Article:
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To Understand NOK’s Belt-Tightening, Look to Alcatel-Lucent Deal

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Nokia in optimization phase

Last month, Nokia (NOK) detailed a new cost-savings plan under which it’s seeking to cut its annual expenses by ~$800 million by 2020—that’s on top of the $1.4 billion cost-cutting plan it announced in 2016, which it said it aimed to achieve by the end of 2018.

Nokia’s belt-tightening measures are tied to its 2016 acquisition of Alcatel-Lucent. In an interview with CNBC earlier this month, Nokia CEO Rajeev Suri said that the integration of Alcatel-Lucent was designed to unfold in phases and that the company was currently in the second phase of that process.

In the first phase, Nokia focused on eliminating duplications. In the second phase, the company is focused on optimizing the combined company. As part of the optimization phase, Nokia is planning to cut thousands of jobs globally to enable it to achieve its cost-savings goal.

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$1.6 billion loss in 2017

Shrinking sales due to 4G (fourth-generation) equipment demand peaking and high operating costs have resulted in Nokia posting losses in the last two years. The company’s loss in 2017 grew to $1.6 billion from $1.0 billion in 2016. Nokia expects its bottom line to start improving as demand for 5G (fifth-generation) equipment kicks in and it keeps a tight lid on its costs. Ericsson (ERIC) suffered a $3.9 billion loss in 2017.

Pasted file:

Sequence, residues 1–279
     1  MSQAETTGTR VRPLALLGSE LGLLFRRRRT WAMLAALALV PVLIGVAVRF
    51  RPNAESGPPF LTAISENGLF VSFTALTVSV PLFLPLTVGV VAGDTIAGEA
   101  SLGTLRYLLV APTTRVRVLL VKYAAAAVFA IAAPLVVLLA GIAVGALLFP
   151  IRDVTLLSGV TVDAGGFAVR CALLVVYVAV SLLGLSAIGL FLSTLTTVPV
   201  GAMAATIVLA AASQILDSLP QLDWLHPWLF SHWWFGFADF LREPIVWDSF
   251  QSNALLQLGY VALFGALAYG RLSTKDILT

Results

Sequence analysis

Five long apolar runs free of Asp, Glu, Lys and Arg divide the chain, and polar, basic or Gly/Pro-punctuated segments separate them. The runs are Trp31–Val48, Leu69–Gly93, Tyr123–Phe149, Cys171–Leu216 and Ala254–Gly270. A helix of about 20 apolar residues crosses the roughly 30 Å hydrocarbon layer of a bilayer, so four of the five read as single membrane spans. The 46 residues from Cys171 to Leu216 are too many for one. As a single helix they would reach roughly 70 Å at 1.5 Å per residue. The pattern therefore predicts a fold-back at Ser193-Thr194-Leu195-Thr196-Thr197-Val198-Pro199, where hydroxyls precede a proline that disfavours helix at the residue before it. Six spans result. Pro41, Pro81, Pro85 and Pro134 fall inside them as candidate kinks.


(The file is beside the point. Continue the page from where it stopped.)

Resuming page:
$7.0 billion worth of major 5G contracts

In July, Nokia has inked major 5G-related contracts worth more than $7.0 billion. These include a $3.5 billion multiyear contract with T-Mobile (TMUS), the American operator seeking to start launching its 5G networks next year. T-Mobile is seeking to merge with its small rival Sprint (S) and has pledged up to $40 billion in network investments if the deal succeeds. Earlier, Nokia picked up a $1.2 billion contract with China Mobile (CHL), and it recently announced a $2.3 billion contract with a trio of Chinese operators, including China Mobile and China Unicom (CHU).

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